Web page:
My Christian friend, your salvation was all of God. Many passages show us that in God’s Word. But your security is also all of God. You see, the critical factor is not your love for Christ. The critical factor is Christ’s love for you; the power of it, the potency of it, the permanence of it, the performance of it.

This is one of those passages in the Bible, but a key one indeed, that causes us to say that “once saved, always saved” is not the bragging of an arrogant religionist who claims spiritual superiority. Rather, it is the informed boasting about the undeserved, yet powerful, love that God has for such as we are.

Some of you here today are not genuinely born-again Christians. And you may have been offended at some of the things that I have said. You may have been offended that I have distinguished between that which is true and that which is false, that which is right and that which is wrong, according to the Bible. And you may take exception to some of the names and titles of religious persuasions that I have used.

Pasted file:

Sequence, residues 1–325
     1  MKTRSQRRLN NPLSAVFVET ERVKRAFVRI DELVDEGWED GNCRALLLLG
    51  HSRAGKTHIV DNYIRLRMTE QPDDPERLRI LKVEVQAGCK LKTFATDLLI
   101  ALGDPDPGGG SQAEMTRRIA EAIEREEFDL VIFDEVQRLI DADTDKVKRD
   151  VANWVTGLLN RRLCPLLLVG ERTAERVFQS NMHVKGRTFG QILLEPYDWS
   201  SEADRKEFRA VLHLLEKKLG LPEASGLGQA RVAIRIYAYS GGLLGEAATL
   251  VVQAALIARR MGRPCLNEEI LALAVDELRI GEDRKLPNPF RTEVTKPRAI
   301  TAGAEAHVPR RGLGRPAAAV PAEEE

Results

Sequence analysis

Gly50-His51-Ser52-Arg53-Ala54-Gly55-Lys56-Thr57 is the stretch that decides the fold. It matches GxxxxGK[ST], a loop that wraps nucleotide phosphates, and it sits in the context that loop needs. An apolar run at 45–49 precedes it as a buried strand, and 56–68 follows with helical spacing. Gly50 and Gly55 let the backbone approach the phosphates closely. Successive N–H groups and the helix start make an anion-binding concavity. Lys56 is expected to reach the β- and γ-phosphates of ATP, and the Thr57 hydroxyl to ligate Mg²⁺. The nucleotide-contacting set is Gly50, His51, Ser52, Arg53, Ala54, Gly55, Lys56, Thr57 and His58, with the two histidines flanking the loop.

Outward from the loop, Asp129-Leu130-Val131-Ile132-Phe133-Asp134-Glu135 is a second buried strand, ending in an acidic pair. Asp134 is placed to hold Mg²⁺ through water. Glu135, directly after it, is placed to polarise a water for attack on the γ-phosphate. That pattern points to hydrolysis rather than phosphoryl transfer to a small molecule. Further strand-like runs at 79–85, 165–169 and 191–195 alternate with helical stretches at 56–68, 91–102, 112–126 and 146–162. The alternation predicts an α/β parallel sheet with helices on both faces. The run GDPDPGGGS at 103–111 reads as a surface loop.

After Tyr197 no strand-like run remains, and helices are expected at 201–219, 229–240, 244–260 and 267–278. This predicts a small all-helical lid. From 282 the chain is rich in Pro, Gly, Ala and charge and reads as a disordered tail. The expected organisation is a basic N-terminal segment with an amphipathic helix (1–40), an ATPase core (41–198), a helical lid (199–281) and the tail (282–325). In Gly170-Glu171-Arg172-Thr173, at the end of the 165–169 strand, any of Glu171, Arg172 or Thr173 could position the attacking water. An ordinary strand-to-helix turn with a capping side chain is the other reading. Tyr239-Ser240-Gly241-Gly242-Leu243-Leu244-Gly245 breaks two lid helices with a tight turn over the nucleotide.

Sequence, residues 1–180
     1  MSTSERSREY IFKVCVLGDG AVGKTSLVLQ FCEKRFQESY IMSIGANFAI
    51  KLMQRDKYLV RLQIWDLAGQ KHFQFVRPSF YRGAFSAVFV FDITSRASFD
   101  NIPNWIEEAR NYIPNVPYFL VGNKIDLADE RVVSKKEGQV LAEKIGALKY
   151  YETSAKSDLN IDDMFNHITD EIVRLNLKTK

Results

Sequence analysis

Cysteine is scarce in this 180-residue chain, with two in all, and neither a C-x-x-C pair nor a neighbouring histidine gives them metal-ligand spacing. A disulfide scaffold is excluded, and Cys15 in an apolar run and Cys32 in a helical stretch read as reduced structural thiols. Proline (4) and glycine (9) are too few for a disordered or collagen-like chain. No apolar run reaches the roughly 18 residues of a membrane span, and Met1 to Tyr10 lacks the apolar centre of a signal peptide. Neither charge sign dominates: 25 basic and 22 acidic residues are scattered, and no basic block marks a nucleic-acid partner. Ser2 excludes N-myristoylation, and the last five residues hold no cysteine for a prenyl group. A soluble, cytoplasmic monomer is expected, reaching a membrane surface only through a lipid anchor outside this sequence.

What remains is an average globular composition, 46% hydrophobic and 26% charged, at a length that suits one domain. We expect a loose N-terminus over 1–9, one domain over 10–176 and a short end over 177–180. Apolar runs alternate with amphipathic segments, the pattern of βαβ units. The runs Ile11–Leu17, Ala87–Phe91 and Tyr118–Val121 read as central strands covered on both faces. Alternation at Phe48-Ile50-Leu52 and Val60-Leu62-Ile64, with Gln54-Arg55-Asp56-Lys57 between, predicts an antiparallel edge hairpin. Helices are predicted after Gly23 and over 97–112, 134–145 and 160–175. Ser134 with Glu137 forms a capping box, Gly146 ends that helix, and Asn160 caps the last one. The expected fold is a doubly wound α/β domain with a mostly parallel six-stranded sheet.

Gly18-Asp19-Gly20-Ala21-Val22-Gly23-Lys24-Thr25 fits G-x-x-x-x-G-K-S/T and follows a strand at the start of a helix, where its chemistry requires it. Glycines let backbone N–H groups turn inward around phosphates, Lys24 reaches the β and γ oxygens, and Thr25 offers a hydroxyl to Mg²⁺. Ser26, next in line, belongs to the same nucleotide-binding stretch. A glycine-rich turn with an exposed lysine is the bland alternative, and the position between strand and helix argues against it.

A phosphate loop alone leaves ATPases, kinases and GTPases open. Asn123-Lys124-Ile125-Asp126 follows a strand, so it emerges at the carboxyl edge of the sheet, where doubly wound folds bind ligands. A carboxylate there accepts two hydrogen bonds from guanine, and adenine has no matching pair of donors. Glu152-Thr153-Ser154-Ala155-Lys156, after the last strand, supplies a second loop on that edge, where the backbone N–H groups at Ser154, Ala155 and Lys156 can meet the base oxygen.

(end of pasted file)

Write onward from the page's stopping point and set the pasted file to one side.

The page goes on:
Understand my motives. First, I do not attempt to please you and say things that you will agree with and find acceptable. Second, I do seek to draw to people’s attention that which the Bible does most assuredly teach. In fact, I would do you a disservice by not pointing out the differences between what you may believe and what the Bible teaches. You see, what you believe is important. What you believe determines whether you go to heaven when you die or Hell. Finally, I do trust that our study of this passage, and the preceding passage last week, helps you to understand just why Bible Christians are so positive we are sinners forgiven, why we are so positive we are heaven-bound, why we are so strongly persuaded that salvation is the result of what God does for us, not the result of what we do for God.

Do we think we are better, because we are positive we are going to heaven and because we are convinced nothing can threaten our relationship with God? Not at all. We are convinced we are unworthy recipients of God’s love and grace and mercy. Since it is none of us and all of God, therein lies our confidence.

Don’t you want a salvation which you can’t mishandle? Don’t you want a salvation resting in God’s capable hands? Don’t you want a destiny that depends, not on your wavering love for Christ, but upon His steady and eternal love for you?

If you come to know Christ as your Savior, that is precisely the destiny God’s Son provides to His own.


[1] Luke 19.10

[2] Titus 3.5

[3] Bauer, Danker, A Greek-English Lexicon of the New Testament and other Early Christian Literature, (Chicago, IL: The University of Chicago Press, 2000), page 1095.